Des Moines, Iowa — Nothing came easily for Kansas University’s women’s basketball team this season.
The Jayhawks’ trip to the Sweet 16 was no different.
After seeing one of its top players unexpectedly transfer in December and its All-Big 12 forward suffer a season-ending ACL injury in February, KU rode junior point guard Angel Goodrich to some March Madness magic before Tennessee derailed the No. 11 seed’s roller-coaster season with an 84-73 victory Saturday at Wells Fargo Arena.
“I couldn’t be more proud of our resiliency and our toughness,” Jayhawks coach Bonnie Henrickson said after tying the program’s deepest NCAA Tournament run with its third appearance in a regional semifinal.
That grit was on display throughout the first half, when KU (21-13) led by as many as 14 points, with everything clicking.
Sure, Goodrich (game-highs of 23 points and six assists) was her usual do-it-all self, but her teammates matched her flamboyance and productivity in the early going.
Freshman forward Chelsea Gardner, who only became a starter after junior Carolyn Davis tore her ACL, scored eight of KU’s first 10 points. Freshman guard Natalie Knight scored on a fast-break layup. Senior forward Aishah Sutherland, who had missed her first three shots, confidently drilled a baseline jumper. Goodrich scored seven straight points, and following a three from the left corner by sophomore forward Tania Jackson and a smooth reverse layup by Sutherland, Kansas had built a 26-12 lead on the No. 2-seed Volunteers (27-8).
Said Gardner, who finished with 14 points and a team-leading 10 rebounds: “The first couple minutes of the game, we came out with a lot of energy on defense and offense, and were hitting a lot of shots.”
Things were going so well for Kansas that when junior Monica Engelman swung the ball to an open Goodrich in the left corner, Tennessee associate head coach Holly Warlick turned her head and walked the other way in disgust, knowing Goodrich’s three would drop — which it did, giving KU a 31-22 lead at the 6:10 mark.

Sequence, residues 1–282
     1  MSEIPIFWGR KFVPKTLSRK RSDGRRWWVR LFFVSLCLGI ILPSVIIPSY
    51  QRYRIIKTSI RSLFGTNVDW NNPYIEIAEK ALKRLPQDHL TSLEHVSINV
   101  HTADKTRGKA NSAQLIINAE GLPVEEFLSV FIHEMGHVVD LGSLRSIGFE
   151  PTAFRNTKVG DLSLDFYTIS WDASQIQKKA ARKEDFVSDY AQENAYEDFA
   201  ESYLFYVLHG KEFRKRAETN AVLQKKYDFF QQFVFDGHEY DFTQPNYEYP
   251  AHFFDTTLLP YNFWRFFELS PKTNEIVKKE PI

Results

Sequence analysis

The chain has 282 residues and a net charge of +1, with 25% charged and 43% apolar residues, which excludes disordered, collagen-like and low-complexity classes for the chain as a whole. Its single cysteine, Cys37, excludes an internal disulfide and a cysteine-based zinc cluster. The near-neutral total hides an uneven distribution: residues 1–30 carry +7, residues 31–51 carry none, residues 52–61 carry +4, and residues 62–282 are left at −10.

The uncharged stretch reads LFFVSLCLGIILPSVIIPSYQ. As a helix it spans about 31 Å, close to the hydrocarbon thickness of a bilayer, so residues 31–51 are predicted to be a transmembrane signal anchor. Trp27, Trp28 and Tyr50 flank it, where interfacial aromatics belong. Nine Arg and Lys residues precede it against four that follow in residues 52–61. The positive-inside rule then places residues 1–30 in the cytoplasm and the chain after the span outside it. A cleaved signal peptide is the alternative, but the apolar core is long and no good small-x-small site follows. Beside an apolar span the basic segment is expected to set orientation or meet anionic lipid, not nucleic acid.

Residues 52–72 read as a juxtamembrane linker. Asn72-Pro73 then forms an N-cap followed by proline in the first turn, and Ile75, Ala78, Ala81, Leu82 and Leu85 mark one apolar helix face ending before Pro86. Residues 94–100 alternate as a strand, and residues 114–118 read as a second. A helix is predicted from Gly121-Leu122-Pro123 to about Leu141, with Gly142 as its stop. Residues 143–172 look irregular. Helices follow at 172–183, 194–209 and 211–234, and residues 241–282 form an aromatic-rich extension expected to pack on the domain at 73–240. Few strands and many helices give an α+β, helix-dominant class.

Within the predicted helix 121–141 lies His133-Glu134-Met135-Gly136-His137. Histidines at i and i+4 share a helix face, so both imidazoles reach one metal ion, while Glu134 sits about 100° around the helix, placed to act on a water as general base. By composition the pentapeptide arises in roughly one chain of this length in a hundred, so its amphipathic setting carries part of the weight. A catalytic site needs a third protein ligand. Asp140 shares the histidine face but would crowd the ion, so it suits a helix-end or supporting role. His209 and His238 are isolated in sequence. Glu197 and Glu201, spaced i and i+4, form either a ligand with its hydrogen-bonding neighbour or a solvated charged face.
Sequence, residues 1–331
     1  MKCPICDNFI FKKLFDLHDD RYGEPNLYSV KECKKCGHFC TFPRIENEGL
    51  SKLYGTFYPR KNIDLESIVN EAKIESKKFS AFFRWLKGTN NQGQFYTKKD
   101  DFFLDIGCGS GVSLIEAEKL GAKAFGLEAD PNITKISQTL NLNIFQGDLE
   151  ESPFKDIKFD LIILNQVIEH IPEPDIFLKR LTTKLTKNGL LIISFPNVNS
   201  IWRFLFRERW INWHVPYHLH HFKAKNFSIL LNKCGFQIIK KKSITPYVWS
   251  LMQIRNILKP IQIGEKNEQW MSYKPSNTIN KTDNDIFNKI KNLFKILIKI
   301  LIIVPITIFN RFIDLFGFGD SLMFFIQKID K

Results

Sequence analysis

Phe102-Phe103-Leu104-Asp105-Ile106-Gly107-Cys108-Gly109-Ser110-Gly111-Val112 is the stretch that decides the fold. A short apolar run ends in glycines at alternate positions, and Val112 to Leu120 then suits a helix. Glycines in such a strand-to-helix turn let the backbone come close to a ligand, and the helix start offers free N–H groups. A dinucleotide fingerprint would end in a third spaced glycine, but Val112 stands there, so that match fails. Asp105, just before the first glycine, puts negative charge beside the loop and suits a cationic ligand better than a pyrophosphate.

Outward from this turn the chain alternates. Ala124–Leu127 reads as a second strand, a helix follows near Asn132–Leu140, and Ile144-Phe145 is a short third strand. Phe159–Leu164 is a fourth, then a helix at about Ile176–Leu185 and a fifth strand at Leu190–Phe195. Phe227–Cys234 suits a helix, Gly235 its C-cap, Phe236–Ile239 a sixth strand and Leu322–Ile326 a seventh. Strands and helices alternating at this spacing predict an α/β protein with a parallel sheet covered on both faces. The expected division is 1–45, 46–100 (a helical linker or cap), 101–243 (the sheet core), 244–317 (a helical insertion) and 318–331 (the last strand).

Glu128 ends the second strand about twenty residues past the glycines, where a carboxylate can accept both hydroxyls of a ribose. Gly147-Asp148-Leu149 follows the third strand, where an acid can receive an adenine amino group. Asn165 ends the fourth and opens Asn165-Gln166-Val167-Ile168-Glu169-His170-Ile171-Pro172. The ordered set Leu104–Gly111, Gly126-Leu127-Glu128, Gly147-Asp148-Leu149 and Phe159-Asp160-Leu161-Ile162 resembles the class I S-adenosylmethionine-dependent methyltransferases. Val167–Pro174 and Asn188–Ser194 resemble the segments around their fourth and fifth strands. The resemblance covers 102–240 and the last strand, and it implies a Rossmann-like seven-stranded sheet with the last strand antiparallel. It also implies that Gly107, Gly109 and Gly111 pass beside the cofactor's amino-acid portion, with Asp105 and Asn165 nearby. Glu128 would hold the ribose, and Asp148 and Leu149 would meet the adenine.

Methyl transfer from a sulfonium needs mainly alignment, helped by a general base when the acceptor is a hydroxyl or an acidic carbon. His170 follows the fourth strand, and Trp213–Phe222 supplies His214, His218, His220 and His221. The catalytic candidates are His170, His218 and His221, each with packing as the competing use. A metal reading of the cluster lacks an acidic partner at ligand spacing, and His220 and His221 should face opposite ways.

But everyone in the building knew Tennessee would make a run at some point. The Vols began chipping away in the first half. By intermission, the Kansas lead was 35-30. At that juncture, KU had shot 48 percent from the floor while holding the Vols to 12-for-33 shooting (36 percent).
But in the second half, Tennessee scored 13 of its 23 second-chance points, 10 of its 13 fast-break points and went 17-for-33 (51 percent) from the floor.
With back-up guards Ariel Massengale and Meighan Simmons leading the charge, Tennessee finally started to resemble the powerhouse it has become under coach Pat Summitt, winner of 1,098 games and eight NCAA championships. Less than four minutes into the second half, behind back-to-back three-pointers from Massengale (12 points), the Vols tied the game at 42-all.
Simmons, meanwhile, did her best Goodrich impression, scoring 16 of her 22 points in the second half off 7-of-10 shooting. Goodrich said the Vols’ backcourt was explosive.
“It’s hard to try and stop both of them,” Goodrich said of Simmons and Massengale, “and then trying to match up and trying to get back and match up with the bigs, as well.”
Once Massengale hit her second three, KU never led again. It took Tennessee nearly 10 minutes to stretch its margin to double figures, but as the Jayhawks responded, they also wore down.
Said Gardner: “I felt that we were kind of gassed when the game got tied.”
Added Goodrich: “There was a long stretch where it just kept going back and forth, back and forth, and you kind of get tired. We kind of got down a little bit, but we picked ourselves up.”
That’s been the calling card for Kansas all season. Losing sophomore guard Keena Mays to transfer was one thing, but having Davis miss the final 10 games of the year could have been devastating. Once that happened, Henrickson said her team regrouped as best it could.
“We just went around the circle and asked everybody to do a little bit more,” the coach said. “I know it seems crazy at that point to ask Angel Goodrich to do more, but we did. And she did. And she gave us more, and Aishah gave us more and they all gave us more.”
Sutherland closed her KU career with 19 points and eight boards in the season-ending loss. Every other Jayhawk who played in the Sweet 16 game — Goodrich, Gardner, Knight, Jackson, sophomore guard CeCe Harper and junior guard Monica Engelman — should be back next season. The same goes for Davis and freshmen Asia Boyd and Bunny Williams, who didn’t play Saturday.
The year they just went through, Henrickson hoped, would provide an important lesson.
“When life gets tough,” she said, “you’ve got to suck it up and keep working.”